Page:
In this week’s edition of Things I Wish I Knew, solo lawyer Joleena Louis shares how she is getting new clients by using strategic marketing collaborations.
If you read my column regularly, you know I’m a huge proponent of networking as a key part of my marketing strategy. I’ve also discussed building a team of professionals whose services compliments your practice area in order to have a regular source of qualified referrals.
This year I’ve taken that idea to the next level. Now I’m using strategic collaborations to reach a broader pool of potential clients.
A strategic collaboration, or partnership, is jointly marketing with any person or business whose audience you would like to connect with. You’re not paying for an ad or a sponsorship, you’re providing something of value that the both of your audiences will find useful.
Here are some of the strategic collaborations I’ve done or plan to do this year:
Exclusive Content for Referral Sources
I was recently asked by a CPA to prepare a checklist of financial documents needed for divorce to share with his clients. So I made a simple, branded .pdf and have been contacted by three of his clients for a divorce consultation already.
He looks good to his clients by providing them with useful information and his clients who are interested in divorce now have my contact information. Now I’m working on creating content to share with other referral sources.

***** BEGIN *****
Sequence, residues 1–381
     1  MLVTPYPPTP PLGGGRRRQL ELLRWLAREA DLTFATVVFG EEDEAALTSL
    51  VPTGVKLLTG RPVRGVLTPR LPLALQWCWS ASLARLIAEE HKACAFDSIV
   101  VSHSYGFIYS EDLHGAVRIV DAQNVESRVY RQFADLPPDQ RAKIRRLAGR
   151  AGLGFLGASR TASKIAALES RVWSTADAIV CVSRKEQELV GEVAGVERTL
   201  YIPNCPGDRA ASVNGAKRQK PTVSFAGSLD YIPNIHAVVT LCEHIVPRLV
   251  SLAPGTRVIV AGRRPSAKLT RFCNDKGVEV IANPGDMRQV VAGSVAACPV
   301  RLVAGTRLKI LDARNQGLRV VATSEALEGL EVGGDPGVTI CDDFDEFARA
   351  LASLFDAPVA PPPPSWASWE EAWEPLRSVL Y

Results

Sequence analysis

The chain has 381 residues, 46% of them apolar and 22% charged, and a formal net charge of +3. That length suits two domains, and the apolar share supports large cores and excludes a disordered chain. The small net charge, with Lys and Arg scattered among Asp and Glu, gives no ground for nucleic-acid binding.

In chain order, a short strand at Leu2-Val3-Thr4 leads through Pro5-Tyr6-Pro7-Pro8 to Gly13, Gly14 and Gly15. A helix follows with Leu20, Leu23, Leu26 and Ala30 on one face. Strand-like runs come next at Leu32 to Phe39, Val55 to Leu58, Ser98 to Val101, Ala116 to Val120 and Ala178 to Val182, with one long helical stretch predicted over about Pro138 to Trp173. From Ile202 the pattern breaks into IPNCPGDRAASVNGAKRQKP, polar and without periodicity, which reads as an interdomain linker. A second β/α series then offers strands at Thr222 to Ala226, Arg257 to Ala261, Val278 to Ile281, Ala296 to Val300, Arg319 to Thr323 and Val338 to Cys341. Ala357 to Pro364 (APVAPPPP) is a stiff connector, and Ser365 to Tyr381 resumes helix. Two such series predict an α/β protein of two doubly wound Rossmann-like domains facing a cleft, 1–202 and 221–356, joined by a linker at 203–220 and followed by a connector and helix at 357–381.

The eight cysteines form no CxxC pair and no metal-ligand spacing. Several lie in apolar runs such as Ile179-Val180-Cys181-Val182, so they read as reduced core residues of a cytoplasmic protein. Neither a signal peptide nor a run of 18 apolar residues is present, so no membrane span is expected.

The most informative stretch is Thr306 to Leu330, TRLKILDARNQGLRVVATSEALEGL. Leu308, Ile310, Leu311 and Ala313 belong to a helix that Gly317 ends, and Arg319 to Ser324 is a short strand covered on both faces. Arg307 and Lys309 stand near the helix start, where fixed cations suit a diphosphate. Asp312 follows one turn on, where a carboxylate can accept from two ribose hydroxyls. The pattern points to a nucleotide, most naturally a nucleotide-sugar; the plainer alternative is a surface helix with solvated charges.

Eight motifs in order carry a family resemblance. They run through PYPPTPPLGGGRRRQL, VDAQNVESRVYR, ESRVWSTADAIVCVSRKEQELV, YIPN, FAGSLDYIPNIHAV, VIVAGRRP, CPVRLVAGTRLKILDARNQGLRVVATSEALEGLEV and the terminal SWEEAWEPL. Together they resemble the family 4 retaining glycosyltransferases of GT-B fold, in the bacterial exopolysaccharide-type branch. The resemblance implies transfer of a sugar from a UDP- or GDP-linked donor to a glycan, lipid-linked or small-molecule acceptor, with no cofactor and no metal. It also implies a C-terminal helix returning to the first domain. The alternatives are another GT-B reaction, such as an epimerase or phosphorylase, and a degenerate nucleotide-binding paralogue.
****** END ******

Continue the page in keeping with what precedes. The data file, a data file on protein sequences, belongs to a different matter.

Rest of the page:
I’ve been asked to participate in several webinars, panels, and seminars this year.
This is a fantastic way to reach a new audience. The organizers and other participants will share information about the event with their contacts, including information about the other presenters.
Facebook Live Q&A/Meetup Groups
Some of the collaborations that have had the most impact have been with organizers of groups directly related to my practice area. The key here is not to make it about me but to make it about how I can help their groups members. People will remember you if you make the effort to help solve their dilemma.
I’ve had great success reaching out to divorce groups on Facebook. I have even offered to do a Facebook live question and answer session on their most common divorce questions. The key is to remain active and attentive to what is going on in the group. Don’t just send a cold request. I’ve joined the groups, actively participated, and then asked to hold a Q&A.
And I’ve done the same with groups on meetup.com groups. Join the group, attend a few of the meetups and tell the organizer that you would be willing to host a meetup and answer question about your practice area. Building that level of trust and rapport within the group will help when it comes to hosting your own event.
Think of Local Places and Events
A friend of mine did a very successful “pop-up shop” for her jewelry business and it got me thinking about how I could incorporate that into my marketing. A pop-up shop is the temporary use of a physical space.
I had the idea to contact local bridal shops and do “pop-up” prenuptial agreement consultations in their stores. This will be a cool event to get people in the shop and for me to reach engaged couples. It literally cost me nothing other than time and promotional materials.
There are endless possibilities if you know who your ideal client is. Think of who else your potential clients may work with or who they follow online. Then figure out how to connect with those people.
For me, strategic collaborations have worked like word-of-mouth on steroids. The new audience already likes and trust the person or business I’m partnering with, so their endorsement is usually enough to sell my services without me having to do much else.